Journal Article

Medicare Coverage of Outpatient Ambulatory Intravenous Antibiotic Therapy: A Program that Pays for Itself

Alan D. Tice, Donald Poretz, Francesca Cook, Darren Zinner and Michael J. Strauss

in Clinical Infectious Diseases

Published on behalf of Infectious Diseases Society of America

Volume 27, issue 6, pages 1415-1421
Published in print December 1998 | ISSN: 1058-4838
Published online December 1998 | e-ISSN: 1537-6591 | DOI: http://dx.doi.org/10.1086/515028
Medicare Coverage of Outpatient Ambulatory Intravenous Antibiotic Therapy: A Program that Pays for Itself

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A number of studies have documented the safety, efficacy, and cost-effectiveness of outpatient intravenous (iv) antibiotic therapy for patients with infectious diseases. Nevertheless, Medicare policy prohibiting coverage of outpatient, self-administered drugs has severely limited access of Medicare patients to ambulatory iv therapy, thus forcing them to rely on more costly, inpatient hospital care. To test the hypothesis that a new Medicare benefit providing coverage for ambulatory iv antibiotic therapy could significantly reduce the program's expenditures for the treatment of infectious diseases (including pneumonia, osteomyelitis, cellulitis, and endocarditis), a cost model was constructed with use of patient care information from the clinical literature as well as clinical experts, Medicare data, and other medical claims databases. The model shows cumulative 5-year savings of nearly $1.5 billion associated with the new Medicare benefit. Policy makers should consider implementing such a benefit.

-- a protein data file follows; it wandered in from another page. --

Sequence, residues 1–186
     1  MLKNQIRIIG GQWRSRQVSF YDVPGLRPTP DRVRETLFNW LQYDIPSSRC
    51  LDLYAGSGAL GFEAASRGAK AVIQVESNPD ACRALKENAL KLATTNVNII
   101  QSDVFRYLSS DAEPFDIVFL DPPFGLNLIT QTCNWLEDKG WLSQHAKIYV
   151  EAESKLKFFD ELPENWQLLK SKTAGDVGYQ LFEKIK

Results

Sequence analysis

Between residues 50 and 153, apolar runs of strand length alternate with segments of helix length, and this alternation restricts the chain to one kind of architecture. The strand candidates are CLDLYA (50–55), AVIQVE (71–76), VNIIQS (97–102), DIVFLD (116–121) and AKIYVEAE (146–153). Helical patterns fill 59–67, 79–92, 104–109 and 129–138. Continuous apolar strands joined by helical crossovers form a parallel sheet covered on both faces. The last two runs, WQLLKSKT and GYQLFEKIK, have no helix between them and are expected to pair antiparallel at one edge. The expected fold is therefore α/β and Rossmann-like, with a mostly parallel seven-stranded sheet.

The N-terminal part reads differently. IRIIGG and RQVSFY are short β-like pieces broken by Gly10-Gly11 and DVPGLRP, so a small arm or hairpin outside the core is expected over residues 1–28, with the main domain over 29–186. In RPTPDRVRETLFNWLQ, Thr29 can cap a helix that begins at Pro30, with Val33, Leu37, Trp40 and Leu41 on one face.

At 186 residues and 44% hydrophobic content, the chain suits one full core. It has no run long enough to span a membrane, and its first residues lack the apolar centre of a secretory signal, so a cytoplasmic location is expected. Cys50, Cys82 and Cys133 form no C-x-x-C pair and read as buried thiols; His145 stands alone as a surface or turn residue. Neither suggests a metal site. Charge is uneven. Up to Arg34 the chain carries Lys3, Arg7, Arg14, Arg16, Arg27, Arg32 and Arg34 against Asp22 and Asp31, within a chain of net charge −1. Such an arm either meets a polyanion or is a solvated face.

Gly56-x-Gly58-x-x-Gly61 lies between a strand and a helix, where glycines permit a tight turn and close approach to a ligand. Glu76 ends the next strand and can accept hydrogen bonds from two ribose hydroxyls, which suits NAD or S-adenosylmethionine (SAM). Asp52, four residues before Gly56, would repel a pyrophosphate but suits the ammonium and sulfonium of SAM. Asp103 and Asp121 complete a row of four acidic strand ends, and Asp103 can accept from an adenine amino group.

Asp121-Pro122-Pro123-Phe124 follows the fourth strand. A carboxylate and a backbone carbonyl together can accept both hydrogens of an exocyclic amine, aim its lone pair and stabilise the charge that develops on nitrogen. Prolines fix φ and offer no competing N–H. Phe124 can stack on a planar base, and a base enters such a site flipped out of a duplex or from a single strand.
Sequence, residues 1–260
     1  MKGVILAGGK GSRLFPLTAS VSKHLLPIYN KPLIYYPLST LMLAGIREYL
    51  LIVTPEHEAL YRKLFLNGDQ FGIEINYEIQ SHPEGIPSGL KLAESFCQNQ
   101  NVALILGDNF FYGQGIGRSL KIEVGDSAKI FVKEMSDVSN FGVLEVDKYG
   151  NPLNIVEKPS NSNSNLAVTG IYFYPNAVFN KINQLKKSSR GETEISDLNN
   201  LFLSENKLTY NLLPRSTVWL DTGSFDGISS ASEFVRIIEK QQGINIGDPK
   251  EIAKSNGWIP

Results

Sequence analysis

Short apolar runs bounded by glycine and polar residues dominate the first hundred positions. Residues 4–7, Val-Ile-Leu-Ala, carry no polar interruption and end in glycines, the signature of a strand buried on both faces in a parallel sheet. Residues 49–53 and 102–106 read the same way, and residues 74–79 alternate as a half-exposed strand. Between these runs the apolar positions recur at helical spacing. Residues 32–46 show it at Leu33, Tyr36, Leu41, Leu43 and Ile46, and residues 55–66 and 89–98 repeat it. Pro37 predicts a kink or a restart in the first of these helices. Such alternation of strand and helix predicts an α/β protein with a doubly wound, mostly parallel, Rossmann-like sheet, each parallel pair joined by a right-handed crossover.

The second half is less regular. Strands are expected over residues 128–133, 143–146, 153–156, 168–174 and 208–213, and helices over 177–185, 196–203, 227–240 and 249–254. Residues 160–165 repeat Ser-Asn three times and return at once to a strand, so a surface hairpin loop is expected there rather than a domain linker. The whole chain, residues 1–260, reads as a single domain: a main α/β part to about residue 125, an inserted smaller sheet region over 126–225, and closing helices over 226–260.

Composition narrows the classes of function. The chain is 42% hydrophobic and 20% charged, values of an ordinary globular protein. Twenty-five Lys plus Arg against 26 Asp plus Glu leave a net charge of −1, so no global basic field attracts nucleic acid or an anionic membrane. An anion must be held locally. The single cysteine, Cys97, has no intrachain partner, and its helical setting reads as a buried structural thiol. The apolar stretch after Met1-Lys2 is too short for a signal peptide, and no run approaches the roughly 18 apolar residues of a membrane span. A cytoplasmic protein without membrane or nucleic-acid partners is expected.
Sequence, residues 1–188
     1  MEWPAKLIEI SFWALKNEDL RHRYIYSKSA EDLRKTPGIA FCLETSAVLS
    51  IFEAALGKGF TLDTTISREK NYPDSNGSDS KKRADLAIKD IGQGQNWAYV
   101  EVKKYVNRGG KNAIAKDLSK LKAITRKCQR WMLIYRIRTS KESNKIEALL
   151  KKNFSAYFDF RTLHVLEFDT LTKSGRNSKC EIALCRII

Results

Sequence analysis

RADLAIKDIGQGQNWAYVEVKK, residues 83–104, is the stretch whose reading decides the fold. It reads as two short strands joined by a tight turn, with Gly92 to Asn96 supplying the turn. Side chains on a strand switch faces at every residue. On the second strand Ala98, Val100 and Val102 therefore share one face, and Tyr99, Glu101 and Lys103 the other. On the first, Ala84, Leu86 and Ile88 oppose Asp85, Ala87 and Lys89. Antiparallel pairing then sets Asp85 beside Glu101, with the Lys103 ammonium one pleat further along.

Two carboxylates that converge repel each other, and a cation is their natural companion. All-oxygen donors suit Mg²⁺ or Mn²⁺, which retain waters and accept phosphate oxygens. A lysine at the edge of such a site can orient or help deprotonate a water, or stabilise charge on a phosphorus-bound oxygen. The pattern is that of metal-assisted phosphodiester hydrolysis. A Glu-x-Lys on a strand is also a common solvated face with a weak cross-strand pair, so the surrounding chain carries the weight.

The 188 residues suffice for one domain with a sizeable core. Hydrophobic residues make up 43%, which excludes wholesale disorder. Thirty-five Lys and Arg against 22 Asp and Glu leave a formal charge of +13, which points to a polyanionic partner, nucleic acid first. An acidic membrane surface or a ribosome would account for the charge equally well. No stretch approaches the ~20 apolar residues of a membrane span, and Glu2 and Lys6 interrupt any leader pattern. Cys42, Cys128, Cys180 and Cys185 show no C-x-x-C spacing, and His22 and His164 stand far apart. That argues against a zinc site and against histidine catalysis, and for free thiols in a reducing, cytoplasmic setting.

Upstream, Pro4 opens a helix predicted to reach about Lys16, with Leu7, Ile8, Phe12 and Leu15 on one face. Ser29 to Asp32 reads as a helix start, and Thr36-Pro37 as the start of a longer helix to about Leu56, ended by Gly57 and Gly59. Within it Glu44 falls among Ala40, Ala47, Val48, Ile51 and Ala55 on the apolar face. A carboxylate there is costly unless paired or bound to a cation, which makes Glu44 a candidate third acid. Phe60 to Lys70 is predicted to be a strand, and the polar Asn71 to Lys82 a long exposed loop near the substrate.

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Subjects: Infectious Diseases ; Immunology ; Public Health and Epidemiology ; Microbiology

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